A Profound Shift: Seeing Children as Capable and Competent

“This is a profound shift to view the child as a capable, competent, rich in potential rights-bearing individual rather than as an empty vessel waiting to be filled.”

Dr. Jean Clinton

How do we shift our image of the learner?

Recently I had the privilege to listen to Hailey Noseworthy, a Grade 12 student from Valmont Academy, speak about her experiences with Deep Learning at her school.

Hailey began by sharing how her involvement in the SHAD program helped shift her own thinking about school and learning.  She discovered amazing world changes people were making all around Canada, yet nobody was talking about this at her own school. She realized that SHAD’s experiential approach to learning should be available to students in every school.

Living in rural Newfoundland doesn’t mean you can’t have the same opportunities as someone in downtown Toronto!

Children should not be focused on how to manipulate a school system to get an A!

School should focus on building up the strengths of every student.  Today’s world needs independent, creative, critical thinkers who are connected and engaged in their learning and their work.

“It is educational malpractice to teach students that their learning is not as important as a report card grade.”

When we can customize health care, cars and social media pages, why do we think learning has to be standardized for everyone?

“Bubbling in a multiple choice exam in a gym in rows of desks shouldn’t determine our success any more!”

When we focus instead on relevant learning that will be meaningful when students leave the four walls of the classroom – that’s where you will find your change makers!

Focusing on deep learning allows students to see their own strengths, to believe everyone is a genius in their own way – and it lets teachers see this too.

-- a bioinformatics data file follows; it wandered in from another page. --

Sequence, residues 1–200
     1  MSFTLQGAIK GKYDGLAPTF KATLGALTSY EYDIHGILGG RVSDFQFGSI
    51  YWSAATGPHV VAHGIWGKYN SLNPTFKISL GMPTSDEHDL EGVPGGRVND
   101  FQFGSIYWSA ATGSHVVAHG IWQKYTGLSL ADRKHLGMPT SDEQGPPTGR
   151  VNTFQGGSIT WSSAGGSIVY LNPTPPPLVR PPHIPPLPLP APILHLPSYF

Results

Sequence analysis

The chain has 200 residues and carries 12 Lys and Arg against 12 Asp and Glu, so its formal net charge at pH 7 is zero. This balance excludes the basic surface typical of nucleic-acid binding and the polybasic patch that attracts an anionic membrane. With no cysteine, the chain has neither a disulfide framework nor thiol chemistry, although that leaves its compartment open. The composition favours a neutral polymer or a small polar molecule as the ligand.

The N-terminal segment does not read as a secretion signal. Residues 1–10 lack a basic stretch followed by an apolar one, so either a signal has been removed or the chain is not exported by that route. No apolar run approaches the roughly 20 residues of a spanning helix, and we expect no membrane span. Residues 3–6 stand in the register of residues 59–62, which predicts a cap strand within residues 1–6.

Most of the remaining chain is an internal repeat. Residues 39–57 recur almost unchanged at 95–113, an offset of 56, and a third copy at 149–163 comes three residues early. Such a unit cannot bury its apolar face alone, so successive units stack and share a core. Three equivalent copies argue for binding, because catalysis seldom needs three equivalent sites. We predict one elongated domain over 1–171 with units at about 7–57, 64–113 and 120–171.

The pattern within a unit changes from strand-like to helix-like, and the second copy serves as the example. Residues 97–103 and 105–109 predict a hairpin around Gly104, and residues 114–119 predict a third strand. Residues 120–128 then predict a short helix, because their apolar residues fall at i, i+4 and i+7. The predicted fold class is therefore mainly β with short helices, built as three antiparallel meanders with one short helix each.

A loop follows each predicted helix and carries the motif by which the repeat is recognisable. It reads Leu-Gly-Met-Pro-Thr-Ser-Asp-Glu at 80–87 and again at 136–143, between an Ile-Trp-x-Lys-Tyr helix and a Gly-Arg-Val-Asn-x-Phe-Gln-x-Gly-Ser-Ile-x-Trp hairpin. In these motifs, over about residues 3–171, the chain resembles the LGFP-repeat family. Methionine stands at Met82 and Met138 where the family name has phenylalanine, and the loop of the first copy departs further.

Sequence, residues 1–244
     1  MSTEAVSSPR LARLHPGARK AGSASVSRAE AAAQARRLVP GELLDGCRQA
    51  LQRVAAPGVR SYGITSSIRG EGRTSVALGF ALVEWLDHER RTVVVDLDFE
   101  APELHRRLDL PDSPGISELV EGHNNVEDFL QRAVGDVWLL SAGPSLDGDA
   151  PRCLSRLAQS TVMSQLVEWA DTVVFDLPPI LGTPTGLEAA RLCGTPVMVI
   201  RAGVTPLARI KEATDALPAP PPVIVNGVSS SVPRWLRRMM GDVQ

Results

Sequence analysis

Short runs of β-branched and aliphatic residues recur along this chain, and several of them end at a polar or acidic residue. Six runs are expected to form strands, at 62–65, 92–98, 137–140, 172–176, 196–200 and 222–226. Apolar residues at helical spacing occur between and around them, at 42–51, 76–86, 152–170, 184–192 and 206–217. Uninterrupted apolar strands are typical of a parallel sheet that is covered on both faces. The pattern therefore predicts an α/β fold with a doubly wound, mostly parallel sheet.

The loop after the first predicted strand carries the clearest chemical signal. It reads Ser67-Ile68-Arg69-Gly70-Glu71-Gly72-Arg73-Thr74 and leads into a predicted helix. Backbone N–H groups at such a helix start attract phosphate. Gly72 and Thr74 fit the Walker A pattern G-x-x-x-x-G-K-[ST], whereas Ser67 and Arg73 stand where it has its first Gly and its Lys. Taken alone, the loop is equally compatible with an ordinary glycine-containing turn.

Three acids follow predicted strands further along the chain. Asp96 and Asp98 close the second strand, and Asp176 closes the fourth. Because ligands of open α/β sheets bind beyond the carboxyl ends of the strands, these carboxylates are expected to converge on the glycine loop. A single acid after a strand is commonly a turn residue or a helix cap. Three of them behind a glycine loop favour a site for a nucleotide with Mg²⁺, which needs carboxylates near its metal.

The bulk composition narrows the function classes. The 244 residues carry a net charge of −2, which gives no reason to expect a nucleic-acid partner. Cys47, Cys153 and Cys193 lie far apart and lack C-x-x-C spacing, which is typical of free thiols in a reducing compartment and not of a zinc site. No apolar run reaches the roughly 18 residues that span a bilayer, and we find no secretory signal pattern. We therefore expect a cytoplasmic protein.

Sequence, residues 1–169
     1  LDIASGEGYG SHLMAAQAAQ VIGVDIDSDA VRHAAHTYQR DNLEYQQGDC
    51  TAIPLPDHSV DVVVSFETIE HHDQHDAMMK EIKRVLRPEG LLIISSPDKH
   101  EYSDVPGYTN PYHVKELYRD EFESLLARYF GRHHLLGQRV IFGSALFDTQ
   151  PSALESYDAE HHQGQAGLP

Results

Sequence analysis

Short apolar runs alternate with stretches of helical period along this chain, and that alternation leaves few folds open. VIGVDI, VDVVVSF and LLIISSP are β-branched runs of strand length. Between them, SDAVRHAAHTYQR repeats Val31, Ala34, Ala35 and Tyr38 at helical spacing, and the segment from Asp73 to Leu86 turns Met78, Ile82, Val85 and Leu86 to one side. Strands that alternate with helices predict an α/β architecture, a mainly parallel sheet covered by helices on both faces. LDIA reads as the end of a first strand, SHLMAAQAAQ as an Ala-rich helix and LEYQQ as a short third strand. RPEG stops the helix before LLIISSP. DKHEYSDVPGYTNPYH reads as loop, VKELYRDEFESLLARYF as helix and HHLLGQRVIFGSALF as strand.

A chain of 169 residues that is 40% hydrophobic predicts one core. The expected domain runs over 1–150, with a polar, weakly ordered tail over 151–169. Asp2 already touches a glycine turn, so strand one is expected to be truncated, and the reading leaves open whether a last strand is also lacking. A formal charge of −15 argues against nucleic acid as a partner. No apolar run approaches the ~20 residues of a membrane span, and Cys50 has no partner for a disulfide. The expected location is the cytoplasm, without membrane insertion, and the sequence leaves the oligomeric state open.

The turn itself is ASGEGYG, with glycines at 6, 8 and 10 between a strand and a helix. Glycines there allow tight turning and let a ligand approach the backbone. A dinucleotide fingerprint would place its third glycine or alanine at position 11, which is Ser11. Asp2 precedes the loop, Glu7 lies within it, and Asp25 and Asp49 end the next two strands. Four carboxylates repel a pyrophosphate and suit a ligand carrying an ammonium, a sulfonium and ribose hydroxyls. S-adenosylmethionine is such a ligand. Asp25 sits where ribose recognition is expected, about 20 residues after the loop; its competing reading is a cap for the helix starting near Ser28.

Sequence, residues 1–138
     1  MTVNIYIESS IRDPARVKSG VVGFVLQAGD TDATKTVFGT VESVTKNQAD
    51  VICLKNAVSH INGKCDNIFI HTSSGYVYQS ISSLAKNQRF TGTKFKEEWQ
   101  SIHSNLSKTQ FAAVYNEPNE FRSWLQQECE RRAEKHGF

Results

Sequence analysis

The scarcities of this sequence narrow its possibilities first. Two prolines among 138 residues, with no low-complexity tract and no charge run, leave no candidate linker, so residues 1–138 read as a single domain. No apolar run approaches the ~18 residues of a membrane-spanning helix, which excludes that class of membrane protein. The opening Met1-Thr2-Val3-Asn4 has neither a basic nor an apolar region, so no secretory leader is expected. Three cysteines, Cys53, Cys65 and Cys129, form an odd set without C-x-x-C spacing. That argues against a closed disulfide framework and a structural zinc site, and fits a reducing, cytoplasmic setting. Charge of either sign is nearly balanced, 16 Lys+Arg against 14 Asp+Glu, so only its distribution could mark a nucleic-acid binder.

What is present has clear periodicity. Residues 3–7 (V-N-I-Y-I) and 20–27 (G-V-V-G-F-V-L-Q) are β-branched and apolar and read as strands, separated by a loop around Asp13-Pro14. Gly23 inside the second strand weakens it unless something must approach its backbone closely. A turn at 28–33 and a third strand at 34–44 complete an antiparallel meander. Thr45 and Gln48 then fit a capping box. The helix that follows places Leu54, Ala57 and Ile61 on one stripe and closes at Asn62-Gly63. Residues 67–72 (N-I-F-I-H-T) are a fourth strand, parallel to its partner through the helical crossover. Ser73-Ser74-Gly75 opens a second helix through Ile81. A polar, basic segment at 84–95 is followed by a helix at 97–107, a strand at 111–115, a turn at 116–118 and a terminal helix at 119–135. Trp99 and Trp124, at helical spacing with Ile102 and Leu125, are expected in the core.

“When we give students the chance to build on their strengths, we give students the chance to show us their strengths.”

“Helping children believe in themselves, helps us believe in them too.”

Dr. Jean Clinton has reiterated this in her own learning.

“It goes something like this; when students fully engage with the 6C’s of Character, Citizenship, Collaboration, Communication, Creativity and Critical Thinking, those students who come from disadvantage have a more profound and deeper opportunity to engage in the learning through collaborative inquiry. They are able to bring their experience and life knowledge, rather than simply being labelled as not having what we “need them to know.”

This implies an inherent belief in the competency and capabilities of every child; that every child CAN learn and will do well if they are provided the opportunity and the right environment. As one group says, “It’s skill, not will they need to do well.”

Deep Learning and Well-Being – Levelling the Playing Field for all Children

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Bekah Russom

If someone gets an A on a test but forgets everything within a few months, did they learn it in the first place?

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2 thoughts on “A Profound Shift: Seeing Children as Capable and Competent

  1. A fascinating post and your reference to Shad took me back a few years. It was founded in the 1970s at St. Andrew’s College (while I was teaching there) and began with experimental science projects in and around Shad Creek, running through the campus. It was —and still is — a challenging science program attracting extraordinarily gifted students. The founders were research scientists from Waterloo University who sought to introduce students to higher level science in high school. A few of my students have attended and many went on to be research scientists or medical doctors.

    Wondering how all this dovetails with “deep learning” as conceived by its current apostles.

  2. Thank you for sharing this post Donna. It could not have come at a better time because I have been wrestling with the idea that our students are struggling with what it means to learn. I think the lens that is placed on value and self-worth in education as only measurable by grades needs to be replaced.

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